Israel Deports Four Palestinians
Jan. 13, 1988
JERUSALEM (AP) _ Israel today deported to Lebanon four Palestinians accused of fomenting the unrest sweeping the occupied territories, the army said.
The Israeli decision to expel the Palestinians had been condemned by other countries, including the United States.
An army official said the four, all natives of the West Bank, were flown by helicopter to a mountain pass 1 1/2 miles north of Hasbaya in south Lebanon. The official spoke on condition of anonymity.
The military command said in a statement:
''The deportees are among the leaders of the instigators and organizers of the disturbances in Judea and Samaria (the West Bank) in the past weeks.''
Five other Palestinians are appealing deportation orders issued Jan. 3.
Today's deportations were conducted in secrecy and no word leaked out until after they were completed.
Israel has deported more than 1,000 alleged troublemakers from the West Bank and Gaza since it occupied them the 1967 Middle East War, including 13 last year.
The most prominent among the newest deportees is Jabril Mahmoud Rujub, 35, who at age 17 was ordered jailed for life for membership in a guerrilla cell of the Palestine Liberation Organization.
In prison, Rujub led hunger strikes and wrote three political tracts widely circulated among prisoners. Freed in a 1985 prisoner exchange, he returned to the West Bank and recently published a book about prison life. Entitled ''Cell No. 704,'' it was a best-seller in the West Bank.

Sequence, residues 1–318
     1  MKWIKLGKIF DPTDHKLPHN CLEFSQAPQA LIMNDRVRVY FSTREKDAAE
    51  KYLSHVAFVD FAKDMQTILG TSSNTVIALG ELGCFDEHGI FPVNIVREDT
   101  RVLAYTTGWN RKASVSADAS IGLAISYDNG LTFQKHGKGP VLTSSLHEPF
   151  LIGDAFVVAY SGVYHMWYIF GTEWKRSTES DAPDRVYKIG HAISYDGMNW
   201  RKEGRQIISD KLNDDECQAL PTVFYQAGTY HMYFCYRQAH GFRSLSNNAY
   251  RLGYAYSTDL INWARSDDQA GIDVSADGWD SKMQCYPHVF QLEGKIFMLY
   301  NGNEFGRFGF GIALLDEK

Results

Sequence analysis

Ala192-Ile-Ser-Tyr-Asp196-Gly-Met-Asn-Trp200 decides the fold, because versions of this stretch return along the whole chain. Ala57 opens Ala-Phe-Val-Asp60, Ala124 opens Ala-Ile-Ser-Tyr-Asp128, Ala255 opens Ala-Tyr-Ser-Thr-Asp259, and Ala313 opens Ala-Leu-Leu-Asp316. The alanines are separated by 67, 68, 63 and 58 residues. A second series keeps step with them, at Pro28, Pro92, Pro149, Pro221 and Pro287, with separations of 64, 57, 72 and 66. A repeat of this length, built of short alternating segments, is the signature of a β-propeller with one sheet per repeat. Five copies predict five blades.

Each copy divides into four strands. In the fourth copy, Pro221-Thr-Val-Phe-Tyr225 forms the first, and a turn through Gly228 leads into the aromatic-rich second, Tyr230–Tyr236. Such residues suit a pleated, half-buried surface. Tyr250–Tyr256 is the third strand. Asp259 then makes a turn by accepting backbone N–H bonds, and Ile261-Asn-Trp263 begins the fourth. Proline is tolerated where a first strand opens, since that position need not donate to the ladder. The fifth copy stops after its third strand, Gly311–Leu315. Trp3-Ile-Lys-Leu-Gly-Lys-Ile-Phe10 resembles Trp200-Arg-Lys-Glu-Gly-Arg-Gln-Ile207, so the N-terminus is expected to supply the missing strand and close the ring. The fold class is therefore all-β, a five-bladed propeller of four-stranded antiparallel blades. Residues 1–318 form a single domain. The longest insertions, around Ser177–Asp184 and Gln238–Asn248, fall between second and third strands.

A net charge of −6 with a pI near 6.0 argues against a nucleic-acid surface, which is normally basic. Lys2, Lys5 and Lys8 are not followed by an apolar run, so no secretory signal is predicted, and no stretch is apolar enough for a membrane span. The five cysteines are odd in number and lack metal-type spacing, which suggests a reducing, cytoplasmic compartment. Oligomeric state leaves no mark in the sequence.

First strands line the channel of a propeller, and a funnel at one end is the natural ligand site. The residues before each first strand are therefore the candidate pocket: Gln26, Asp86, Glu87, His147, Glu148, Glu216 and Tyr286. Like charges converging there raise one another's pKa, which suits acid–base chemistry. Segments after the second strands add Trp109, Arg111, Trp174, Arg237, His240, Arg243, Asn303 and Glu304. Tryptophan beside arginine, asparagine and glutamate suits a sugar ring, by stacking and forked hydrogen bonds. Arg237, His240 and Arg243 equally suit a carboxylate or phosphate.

Besides Rujub, those deported today were:
- Jamal Mohammed Jibara, released in the 1985 prisoner exchange after serving six years in prison for recruiting PLO activists and planning terror attacks.
- Bashir Ahmed Al Kheiri, 45, an attorney from Ramallah who spent 15 years in jail as a PLO recruiter.
- Hussam Abdul Rahman Khader, 25, jailed for 18 months in 1985 as a PLO recruiter. The army accuses him of initiating most of the disturbances in the West Bank refugee camp of Qalqiliya since his release in July 1987.
A PLO spokesman in Baghdad, Iraq, said the deportations would not end unrest in the occupied territories.
''This oppressive Israeli action will not put an end to the people's uprising,'' the spokesman, Bassam Abu Sharif, said in a telephone interview. ''Our decision is clear. Our revolution will continue and the only solution is that the occupation itself should end.''
The riots began Dec. 8 in the occupied territories when rumors spread that a traffic accident that killed four Arabs had been planned to avenge the slaying of an Israeli businessman.
Thirty-four Palestinians have been killed by Israeli gunfire since Dec. 8.